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Gamification Book Blub discussion 3 21 13


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Gamification Book Blub discussion 3 21 13

  1. 1. Jill BernaciakLearning ConsultantMarch 21, 2013Book Club Discussion
  2. 2. Today’s Agenda• 12:00 - 12:20 Background 12:20 – 12:30• Book Topic Discussion I• Gamification Principles• 12:30 – 12:45 Book Topic Discussion II• Examples in a Healthcare Setting – Appropriateness for VHA2
  3. 3. Gamification• The use of game-based mechanics, aesthetics, andgame thinking to engage people, motivate action,promote learning and solve problems• With positive outcomes and behavior changes3
  4. 4. Gamification• For physical and mental skill development• Surgeon hand-eye coordination• Stroke rehabilitation example• For instruction and to elicit outcomes such asproblem-solving (e.g., leadership development)• Firefighter training example• To influence people to exhibit pro-social behavior• Civility and Respect in the Workplace3
  5. 5. Clarifications• Gamification is not for every type of training.• “Is not about creating challenges - because we are numbed to thechallenges we currently have!”• A sole designer can add:• Scenarios or case studies with interactive - role-playing anddifferent levels.• Course enhancement - continuous feedback or different entrypoints into the instruction.Source:
  6. 6. Simple Game Genres• Declarative Knowledge and Labeling Games• Matching, labeling, Q&A, drag & drop – to learn names, jargon,facts, acronyms• Concepts Games• Classify, race, state rule/examples - to learn and apply conceptsand rules• Board/Trivia Games (Jeopardy, Wheel of Fortune)• Answer questions; make progress – to learn rules3
  7. 7. Simple Game Genres• Role Plays• Simulations/software – for learning procedures and principles• Environment/Simulation (Social Simulators)• Interact with environment as it changes – for learning problem-solving and principles3
  8. 8. Simple Game Genres3Source: Gagne’s Intellectual Skills
  9. 9. Five Engaging Elements• Start with a challenge• Include a story narrative – learning context• Provide incentives for good work• Include the element of chance – motivating• Effective design of the technical user interface3
  10. 10. Know Your Players’ Social Style3Source: Bartles Player Social Styles
  11. 11. Design for Sustained Engagement3
  12. 12. Use Progress Mechanics & Intrinsic Rewards3Tasks perceivedas simple orlow-valueLong-termengagement;to exceedone’s ownperformance
  13. 13. Other Success Factors• Targeted content and well-defined objectives• Debriefing and feedback• Increase motivation and close the loop between the experienceand objectives• Unlimited access and technical support• Do not need to include entertainment5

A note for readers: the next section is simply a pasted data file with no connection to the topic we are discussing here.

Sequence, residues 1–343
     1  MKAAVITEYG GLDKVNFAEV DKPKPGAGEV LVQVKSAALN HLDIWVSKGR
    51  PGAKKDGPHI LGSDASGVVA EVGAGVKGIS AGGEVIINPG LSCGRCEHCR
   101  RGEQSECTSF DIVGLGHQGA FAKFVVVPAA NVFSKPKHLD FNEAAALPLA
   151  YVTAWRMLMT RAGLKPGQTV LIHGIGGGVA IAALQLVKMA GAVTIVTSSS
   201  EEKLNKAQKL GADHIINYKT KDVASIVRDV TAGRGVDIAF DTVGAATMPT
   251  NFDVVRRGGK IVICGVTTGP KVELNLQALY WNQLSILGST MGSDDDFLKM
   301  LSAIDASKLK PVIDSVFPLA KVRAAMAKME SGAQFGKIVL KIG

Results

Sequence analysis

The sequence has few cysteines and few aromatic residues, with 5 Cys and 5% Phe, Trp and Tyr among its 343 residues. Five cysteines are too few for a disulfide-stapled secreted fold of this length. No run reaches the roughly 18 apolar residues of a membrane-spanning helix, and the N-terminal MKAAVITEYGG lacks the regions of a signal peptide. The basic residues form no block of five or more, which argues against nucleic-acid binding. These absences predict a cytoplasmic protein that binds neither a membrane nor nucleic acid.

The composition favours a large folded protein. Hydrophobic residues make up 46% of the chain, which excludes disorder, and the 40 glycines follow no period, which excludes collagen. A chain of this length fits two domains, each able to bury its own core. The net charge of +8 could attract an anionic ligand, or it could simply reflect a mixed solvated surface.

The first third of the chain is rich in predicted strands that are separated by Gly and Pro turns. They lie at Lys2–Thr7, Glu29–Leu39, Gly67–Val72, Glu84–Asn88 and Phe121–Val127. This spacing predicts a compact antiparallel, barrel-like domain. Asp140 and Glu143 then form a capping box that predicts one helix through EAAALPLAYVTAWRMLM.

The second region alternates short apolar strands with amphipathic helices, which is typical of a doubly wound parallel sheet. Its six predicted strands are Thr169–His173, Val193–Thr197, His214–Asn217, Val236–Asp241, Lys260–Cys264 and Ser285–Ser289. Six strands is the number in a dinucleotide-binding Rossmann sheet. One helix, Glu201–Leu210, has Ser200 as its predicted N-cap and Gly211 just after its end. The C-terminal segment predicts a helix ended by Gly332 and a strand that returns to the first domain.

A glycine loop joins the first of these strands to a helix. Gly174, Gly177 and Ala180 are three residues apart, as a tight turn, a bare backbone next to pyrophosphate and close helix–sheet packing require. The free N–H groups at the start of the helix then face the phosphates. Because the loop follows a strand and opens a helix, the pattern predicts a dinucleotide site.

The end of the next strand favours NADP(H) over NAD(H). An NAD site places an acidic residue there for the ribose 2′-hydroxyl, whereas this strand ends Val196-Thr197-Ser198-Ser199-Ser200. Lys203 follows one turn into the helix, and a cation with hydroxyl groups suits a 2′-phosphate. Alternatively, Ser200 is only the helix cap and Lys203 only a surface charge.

14. 14. Gamification in Healthcare Settings• Can be appropriate as providers work to improvequality while containing costs• Enhances motivation• Drive down errors to save lives or improve outcomes.• Makes discrete, repetitive tasks that must be completed in anorderly and timely fashion more fun and rewarding.• Can increase the level of transparency about everyone’sproductivity• Mitigates performance fatigue from maintaining and strivingto improve quality/safety measures over long periods of time.Source:
  15. 15. Case 1: Gamification in Healthcare• “Cybersecure: Your Medical Practice”• Developed by HHS Office 0 National Coordinator for Health InformationTechnology• “The Sims” style role play – with HIPAA privacy and security rules.Source: - exam rooms, medicalequipment, and points.Glossary, tips, feedbackScores determine competencyand identify knowledge gaps.
  16. 16. Case 2: Gamification in Healthcare• Patient-side: Prevention• Health Month• Patient sets rules for own health behavior• Earns badges given when goals met• Nike+• Tracks progress with each step and calories• Sets a goal, provides rewards, allows you to share achievementon social media• Allows competition on NikeFuel Missions Leader BoardSource:
  17. 17. Case 3: Gamification in Healthcare• Agile project management for implementing EMRs• Red Critter Tracker uses gaming elements: badges, rewards,leaderboards and real-time Twitter feeds• A “what’s next” methodology.• Badges can be unlocked by meeting project goals anddeadlines.Source:
  18. 18. Case 4: Gamification in Healthcare• Training staff on new documentation requirementsfor ICD-10 billing codes• Forbes recently named Badgeville “America’s Most PromisingCompany.”•• Uses levels, missions, and tracksto meet/exceed requiredperformance metrics• Social gaming analytics correctbehavior, gives feedback• “Behavior Platform” drives standards.Source:
  19. 19. To Learn More• Karl Kapp’s blog• Download Articles and Worksheet from• Password: Professional• 300 ready-to-use training games and activities from• YouTube - Smart Gamification: Seven Core Concepts forCreating Compelling Experiences | Amy Jo Kim• Pinterest has printable board game and dice templates, editablespinners, and ideas for playing pieces.•